If she was spun as yet another ‘victory’ for ‘women’, she demonstrated just how little the nation might get out of such a symbolic victory and how much actual cost such a victory might impose.

She was not going to support any Munich-type ‘appeasement’ of whatever enemy was on the list that day.

She was willing “to use force … because we are America … we are the indispensable nation”. How quickly being indispensable morphs into megalomania. But it was a shrewd cover for what I think was, even back in the Clintons’ day, a growing Beltway awareness that the productive infrastructure of the economy was in deep trouble (it had, after all, been incoherently wrecked  in great part to enable the R-feminists to have a more woman-friendly Knowledge and Service economy and get rid of the macho, productive industrial culture of ‘mehhnnnn’) and that consequently, the US was going to need fresh infusions of assets in order to keep funding its dominance and hegemony (another marvelous irony lost on the fundamentalist cadres of R-feminism and neocon jingoism).

She was perfectly willing to use the military to get those assets – telling the vastly overrated Colin Powell that she couldn’t see the point of this vast military if it couldn’t be “used”. One recalls Hitler mentioning to Schuschnigg or somebody similar: you don’t think I have built this vast army for parades, do you?

And in pursuit of all that the potential deaths of 500,000 Iraqi children would be an “acceptable loss” and would be “worth it”. So much for sensitivity and ‘the children’ as being of concern to the cadres of the Left. In an Orc-like echo of Identity Politics, ‘children’ are only important when they’re yours; everybody else’s can fill, and should be prepared to embrace, the role of egg-broken-to-make-the-omlette. And of course, the truly disturbing Reno had authorized the fatal Waco assault ‘to save the children’, who were, she feared said she feared, being molested (as were the untold – and now apparently nonexistent – myriads of victims of Libya’s Viagra-crazed rape-battalions … but that last was, oops, under the Madam Secretary Hillary).

Rumsfeld wanted to institute a Revolution In Military Affairs (shades of the many ‘revolutions’ of the Left in the past forty Biblical years): wars could be won on the cheap, quickly and totally successfully and with no ill-consequences. I think of Ludendorff, histrionic and hysterical, telling his staff that he didn’t want to hear about ‘operational plans’ and ‘strategy’: he would have vast forces thrown into the meat grinder with the assertion that ‘we are going to go over there and take that position, and after that we shall see’.  

Petraeus comes under well-deserved fire for coming up with the way to keep up appearances after the failure on the ground in Af-Pak: counter-insurgency operations (COIN). This would replace the clearly frakked “Shock and Awe” strategy left over from the first Gulf War and keep up the appearance that the Big Brass and their civilian Bosses and Bossettes knew what they were doing.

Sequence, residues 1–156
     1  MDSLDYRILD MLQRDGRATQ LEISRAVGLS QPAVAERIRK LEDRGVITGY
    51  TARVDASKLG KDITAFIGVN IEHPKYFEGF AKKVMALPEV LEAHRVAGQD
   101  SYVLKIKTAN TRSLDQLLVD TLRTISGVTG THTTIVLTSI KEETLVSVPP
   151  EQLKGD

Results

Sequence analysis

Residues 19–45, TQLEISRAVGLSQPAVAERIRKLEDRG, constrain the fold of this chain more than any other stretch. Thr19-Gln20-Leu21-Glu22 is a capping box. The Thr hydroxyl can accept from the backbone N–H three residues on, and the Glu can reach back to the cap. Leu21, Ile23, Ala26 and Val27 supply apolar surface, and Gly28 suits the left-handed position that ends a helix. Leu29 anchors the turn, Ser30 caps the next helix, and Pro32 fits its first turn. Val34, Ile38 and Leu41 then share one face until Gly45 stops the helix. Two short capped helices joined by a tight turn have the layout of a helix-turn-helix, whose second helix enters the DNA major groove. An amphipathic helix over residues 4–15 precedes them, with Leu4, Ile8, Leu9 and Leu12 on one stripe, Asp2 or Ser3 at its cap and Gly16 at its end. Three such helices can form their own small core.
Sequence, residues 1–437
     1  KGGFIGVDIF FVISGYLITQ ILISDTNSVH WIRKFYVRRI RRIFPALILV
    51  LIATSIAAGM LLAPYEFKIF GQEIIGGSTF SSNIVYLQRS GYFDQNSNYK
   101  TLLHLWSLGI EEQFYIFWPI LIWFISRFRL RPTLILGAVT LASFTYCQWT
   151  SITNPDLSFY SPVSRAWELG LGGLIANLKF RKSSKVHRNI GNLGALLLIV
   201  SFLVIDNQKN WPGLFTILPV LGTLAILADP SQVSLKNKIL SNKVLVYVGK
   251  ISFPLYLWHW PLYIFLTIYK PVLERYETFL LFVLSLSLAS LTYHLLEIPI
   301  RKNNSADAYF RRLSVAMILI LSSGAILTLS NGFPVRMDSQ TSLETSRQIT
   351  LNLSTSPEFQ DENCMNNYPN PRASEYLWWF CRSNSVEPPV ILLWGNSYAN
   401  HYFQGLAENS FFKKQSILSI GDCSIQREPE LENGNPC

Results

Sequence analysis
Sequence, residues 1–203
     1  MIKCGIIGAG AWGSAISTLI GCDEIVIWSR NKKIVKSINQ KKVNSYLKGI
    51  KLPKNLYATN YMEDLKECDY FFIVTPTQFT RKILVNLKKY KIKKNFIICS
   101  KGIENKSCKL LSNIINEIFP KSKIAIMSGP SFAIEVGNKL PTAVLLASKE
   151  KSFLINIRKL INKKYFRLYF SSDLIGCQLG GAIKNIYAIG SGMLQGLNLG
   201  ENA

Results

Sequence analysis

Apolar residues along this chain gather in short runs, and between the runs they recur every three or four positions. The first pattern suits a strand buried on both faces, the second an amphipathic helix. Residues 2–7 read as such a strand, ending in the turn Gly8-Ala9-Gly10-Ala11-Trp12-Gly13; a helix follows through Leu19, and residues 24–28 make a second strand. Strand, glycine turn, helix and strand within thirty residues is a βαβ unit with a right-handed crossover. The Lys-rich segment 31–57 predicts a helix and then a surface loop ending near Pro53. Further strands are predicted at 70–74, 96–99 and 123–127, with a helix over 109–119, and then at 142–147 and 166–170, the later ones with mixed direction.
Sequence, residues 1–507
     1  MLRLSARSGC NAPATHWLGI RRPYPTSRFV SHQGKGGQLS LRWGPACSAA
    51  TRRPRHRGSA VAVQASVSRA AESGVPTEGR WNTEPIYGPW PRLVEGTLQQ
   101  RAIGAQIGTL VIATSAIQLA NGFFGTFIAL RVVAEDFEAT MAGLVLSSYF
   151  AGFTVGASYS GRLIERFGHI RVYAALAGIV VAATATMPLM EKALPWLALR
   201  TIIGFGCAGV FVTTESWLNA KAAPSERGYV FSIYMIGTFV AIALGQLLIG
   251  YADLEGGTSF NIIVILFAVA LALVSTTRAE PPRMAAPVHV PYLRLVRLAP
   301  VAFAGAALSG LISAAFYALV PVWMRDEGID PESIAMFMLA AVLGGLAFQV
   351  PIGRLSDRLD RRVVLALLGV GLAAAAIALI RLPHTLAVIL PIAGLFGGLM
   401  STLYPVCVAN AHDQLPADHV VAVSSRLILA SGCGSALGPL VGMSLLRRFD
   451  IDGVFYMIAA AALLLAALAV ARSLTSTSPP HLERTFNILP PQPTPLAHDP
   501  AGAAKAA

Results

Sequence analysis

But it gets worse.

Petraeus solved a truly awful problem: how to keep funding for a military that clearly wasn’t able to win the wars – such as they were – it was sent to fight? The solution, through COIN and also through the frenzied embrace of drones (recalling the 1920s assurance by Douhet that ‘the bomber will always get through’ and that wars could be ‘won from the air’), “demolished the idea of the army as something that fought and won wars”.

Roll that one around in your mind for a while. We are funding a military that is not going to be there for winning ‘wars’, but that will be able to use the latest tech to win wars from the air. Although neither part of that pair of concepts has an impressive track record at all.

And in a neat two-fer, such a shift also solves a problem for the Left, where R-feminists lobbying for more women in the military, in combat, in everything a ‘male’ can do, had run up against the problem that in ground combat, especially sustained field operations, mixed-gender units are an even more resource draining proposition than all-female units.

If war is now going to be nothing more than manipulating a joystick – perhaps from the air-conditioned comfort of a strip-mall in Nevada or an air-conditioned combat ops computer-center on a warship -  then there’s a huge (and verrrrry real) difficulty simply and suddenly ‘defined away’. As if the problem were merely an undigested bit of beef rather than the urgently monitory revenant of Jacob Marley.

Appearances rather than reality, shifting appearances rather than complex reality, ever-shifting definitions to define reality away, best-case scenarios to dispense with hard questions of consequences, and all with the very bestest of intentions. And above all, a slavish primary allegiance to the regime (conceptual even more than political) that rewards you with creds, status, and checks drawn on the public till … this is a) great progress and liberation and the sign of a mature, healthy, responsible and sober polity or b) an intensifying spin into a hubristic lunacy enabled by a passive Citizenry that will lead to a final charge into the valley that will wreck everything and everyone.

Take your pick. In this you are totally autonomous.